My house was always LOUD. Music blasting, televisions blaring, giggling, squealing and raucous games of basketball in the driveway — this was the norm. The chaos never bothered me. I loved my role as the entertaining “cool” mom and was happy to provide enough calorie-ladened snacks to feed an army brigade.
I was also 10 years younger with an endless supply of energy that could rival the stamina of the Energizer bunny.
Three of my four children have grown and flown the coop. The last one still at home is 18 and he’d rather have a root canal than spend an evening at home with dear old Mom and Dad. This allows us quite a bit of wiggle room for privacy and a glimpse of what life will be like when the last one packs his bags and heads off to college (hopefully to a school on the other side of the continent). This is why I know I’m going to LOVE being an empty nester:
* A lower grocery bill. My supermarket expenses will finally be lower than my monthly mortgage payment. I will no longer need to buy stock in toilet paper, milk or Axe body spray.
* My car insurance rates will drop, but so will my tax deductions. Perhaps the IRS will count fostering male dogs with bathroom handicaps as a tax deduction.
* My house will stay clean. No more hazardous waste piles of laundry or a bathroom requiring a Hazmat team to scrub it clean.
* We can travel spontaneously anywhere in the world — or maybe just to Walmart — without needing to hire a babysitter.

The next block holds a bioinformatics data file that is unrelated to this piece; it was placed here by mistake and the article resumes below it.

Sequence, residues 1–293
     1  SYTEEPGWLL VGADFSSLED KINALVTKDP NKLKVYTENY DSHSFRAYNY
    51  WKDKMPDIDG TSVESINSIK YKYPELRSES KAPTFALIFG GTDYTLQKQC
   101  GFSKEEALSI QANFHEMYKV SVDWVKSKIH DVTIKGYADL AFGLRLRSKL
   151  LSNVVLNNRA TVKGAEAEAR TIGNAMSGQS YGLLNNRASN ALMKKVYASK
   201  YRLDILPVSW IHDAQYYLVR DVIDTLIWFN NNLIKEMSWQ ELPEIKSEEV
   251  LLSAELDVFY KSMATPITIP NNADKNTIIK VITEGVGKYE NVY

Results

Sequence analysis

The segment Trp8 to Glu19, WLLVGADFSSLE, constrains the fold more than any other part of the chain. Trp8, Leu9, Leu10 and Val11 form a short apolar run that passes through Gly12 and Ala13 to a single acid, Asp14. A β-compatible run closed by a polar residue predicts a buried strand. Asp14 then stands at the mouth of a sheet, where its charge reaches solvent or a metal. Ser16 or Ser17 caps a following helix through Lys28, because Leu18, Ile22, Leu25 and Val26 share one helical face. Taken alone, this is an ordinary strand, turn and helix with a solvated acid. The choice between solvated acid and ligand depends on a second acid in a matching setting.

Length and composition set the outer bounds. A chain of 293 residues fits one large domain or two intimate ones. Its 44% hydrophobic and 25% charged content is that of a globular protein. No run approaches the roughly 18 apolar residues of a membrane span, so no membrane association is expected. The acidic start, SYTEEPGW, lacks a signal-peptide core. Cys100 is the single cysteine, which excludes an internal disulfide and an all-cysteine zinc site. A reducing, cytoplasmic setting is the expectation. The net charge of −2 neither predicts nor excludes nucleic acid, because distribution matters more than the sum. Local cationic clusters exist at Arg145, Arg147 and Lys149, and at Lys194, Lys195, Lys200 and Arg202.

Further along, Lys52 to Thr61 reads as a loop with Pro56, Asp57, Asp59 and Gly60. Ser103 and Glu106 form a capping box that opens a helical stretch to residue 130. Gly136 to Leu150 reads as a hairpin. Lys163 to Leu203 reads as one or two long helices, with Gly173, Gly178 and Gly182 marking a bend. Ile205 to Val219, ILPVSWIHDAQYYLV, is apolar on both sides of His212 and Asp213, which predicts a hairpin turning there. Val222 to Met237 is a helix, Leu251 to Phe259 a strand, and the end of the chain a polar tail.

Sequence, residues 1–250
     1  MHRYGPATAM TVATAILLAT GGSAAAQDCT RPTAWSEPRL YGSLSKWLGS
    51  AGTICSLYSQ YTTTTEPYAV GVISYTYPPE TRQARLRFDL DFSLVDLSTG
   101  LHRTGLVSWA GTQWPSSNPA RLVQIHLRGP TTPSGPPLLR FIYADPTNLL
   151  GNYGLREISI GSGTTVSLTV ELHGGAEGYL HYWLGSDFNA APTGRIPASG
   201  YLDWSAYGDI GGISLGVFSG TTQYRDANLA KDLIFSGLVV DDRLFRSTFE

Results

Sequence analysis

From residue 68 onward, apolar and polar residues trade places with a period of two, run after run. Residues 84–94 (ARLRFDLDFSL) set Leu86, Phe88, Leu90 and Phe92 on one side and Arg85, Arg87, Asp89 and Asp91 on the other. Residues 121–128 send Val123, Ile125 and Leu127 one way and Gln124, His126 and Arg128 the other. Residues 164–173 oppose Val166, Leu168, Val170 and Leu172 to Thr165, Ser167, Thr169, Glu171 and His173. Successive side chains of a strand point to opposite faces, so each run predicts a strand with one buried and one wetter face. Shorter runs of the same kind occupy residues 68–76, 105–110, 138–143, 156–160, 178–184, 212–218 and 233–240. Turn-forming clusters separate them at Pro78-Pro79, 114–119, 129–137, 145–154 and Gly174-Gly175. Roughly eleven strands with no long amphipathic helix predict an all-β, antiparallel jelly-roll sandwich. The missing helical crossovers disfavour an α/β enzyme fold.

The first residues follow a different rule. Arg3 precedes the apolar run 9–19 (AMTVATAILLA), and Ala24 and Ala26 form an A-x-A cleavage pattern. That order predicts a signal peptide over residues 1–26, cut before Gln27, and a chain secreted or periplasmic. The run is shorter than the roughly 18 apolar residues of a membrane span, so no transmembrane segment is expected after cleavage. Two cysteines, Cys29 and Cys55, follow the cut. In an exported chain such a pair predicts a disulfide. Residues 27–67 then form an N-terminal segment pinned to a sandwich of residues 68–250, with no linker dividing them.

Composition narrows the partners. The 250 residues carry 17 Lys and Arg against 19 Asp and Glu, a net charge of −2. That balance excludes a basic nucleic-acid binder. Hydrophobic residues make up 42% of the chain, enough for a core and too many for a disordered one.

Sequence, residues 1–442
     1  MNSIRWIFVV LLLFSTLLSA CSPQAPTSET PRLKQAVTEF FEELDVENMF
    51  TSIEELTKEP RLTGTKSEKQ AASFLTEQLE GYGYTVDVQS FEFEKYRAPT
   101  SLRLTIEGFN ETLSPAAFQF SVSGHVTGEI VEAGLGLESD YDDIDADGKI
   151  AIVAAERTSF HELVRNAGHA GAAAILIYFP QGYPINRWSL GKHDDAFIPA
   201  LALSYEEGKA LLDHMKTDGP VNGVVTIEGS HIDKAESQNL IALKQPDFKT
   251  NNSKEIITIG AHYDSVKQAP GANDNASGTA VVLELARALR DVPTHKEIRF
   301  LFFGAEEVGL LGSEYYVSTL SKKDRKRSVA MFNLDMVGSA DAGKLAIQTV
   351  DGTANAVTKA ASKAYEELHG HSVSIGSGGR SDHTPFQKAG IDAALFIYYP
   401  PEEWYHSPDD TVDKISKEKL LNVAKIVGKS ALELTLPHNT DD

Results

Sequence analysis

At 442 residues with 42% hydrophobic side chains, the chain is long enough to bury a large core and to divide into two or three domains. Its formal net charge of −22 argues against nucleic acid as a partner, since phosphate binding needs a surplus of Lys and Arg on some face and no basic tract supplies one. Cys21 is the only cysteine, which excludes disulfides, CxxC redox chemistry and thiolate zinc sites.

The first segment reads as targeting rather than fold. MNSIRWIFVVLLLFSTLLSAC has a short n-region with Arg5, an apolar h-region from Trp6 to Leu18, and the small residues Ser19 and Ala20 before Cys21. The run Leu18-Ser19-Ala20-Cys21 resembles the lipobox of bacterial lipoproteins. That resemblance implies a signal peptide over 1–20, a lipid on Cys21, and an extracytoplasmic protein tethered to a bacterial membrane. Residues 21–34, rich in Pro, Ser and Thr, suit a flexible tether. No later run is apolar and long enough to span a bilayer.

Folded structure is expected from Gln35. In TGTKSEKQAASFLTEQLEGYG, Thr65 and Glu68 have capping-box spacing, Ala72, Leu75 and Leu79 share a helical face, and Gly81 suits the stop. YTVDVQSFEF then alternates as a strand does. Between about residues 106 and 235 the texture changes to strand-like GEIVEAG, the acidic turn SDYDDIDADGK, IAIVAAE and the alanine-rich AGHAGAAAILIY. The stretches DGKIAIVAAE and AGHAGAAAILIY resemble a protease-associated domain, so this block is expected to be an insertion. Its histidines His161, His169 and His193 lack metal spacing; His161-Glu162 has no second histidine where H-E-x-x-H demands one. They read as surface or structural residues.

* No more math homework (Y=mx+b… HUH?), erupting volcanoes in the kitchen (science experiment) or 30-page term papers on the Civil War that create tears of frustration (and several shots of tequila for mom).
* My husband and I can finally have a REAL adult conversation instead of the usual: “Has he pooped today? “Did she eat her greens?” “Make sure he brushes his teeth before bed.” “Does she want fries with that?”
* No more detailed school supply lists from teachers (what do you mean you need a specific brand of environmentally safe markers made in China by three-fingered panda bears?). And no more expensive school uniforms (Honey, you’re NOT wearing a plaid mini skirt and heels to school in a reckless attempt to imitate Jenna Jameson in an adult movie!).
* I don’t have to cook for a crowd every night. The Hubs and I will be perfectly content to snarf down a bowl of Cocoa Puffs for dinner while watching an episode of “Hoarders.”
* No more part-time job as a taxi driver chauffeuring kids in a beat-up mini van to choir, gymnastics, karate, dance, soccer, cheerleading or band. It also signifies the end of chaperoning school field trips to the zoo and getting parrot poop on my head.
* Sex 24/7. Every night can be a date night, and every moment is a Cialis moment. The only thing that’s missing is matching bathtubs in a wildly inappropriate place, like the tool aisle at Sears.
As I revel in my thoughts of newfound freedom, my 18-year-old son informs me he has picked the college he’d like to attend — and it’s only 10 minutes from our home. Looks like my empty-nester plans will have to be put on hold a little bit longer. But I can still dream, can’t I?
— Marcia Kester Doyle
Marcia Kester Doyle is the author of the humorous blog “Menopausal Mother,” where she muses on the good, the bad and the ugly side of menopausal mayhem. She is a staff writer for In The Powder Room and HumorOutcasts.com and a contributing writer for What the Flicka. Her work recently captured first place in VoiceBoks Top Hilarious Parent Bloggers 2014, and her first book will be released in the spring through Blue Lobster Publishing. Marcia’s work has appeared on Scary Mommy, Mamapedia, Bloggy Moms, Messy Mom’s Radio, The Woven Press, the Life Well Blogged series and was voted Top 25 in the Circle Of Mom’s Contest 2013.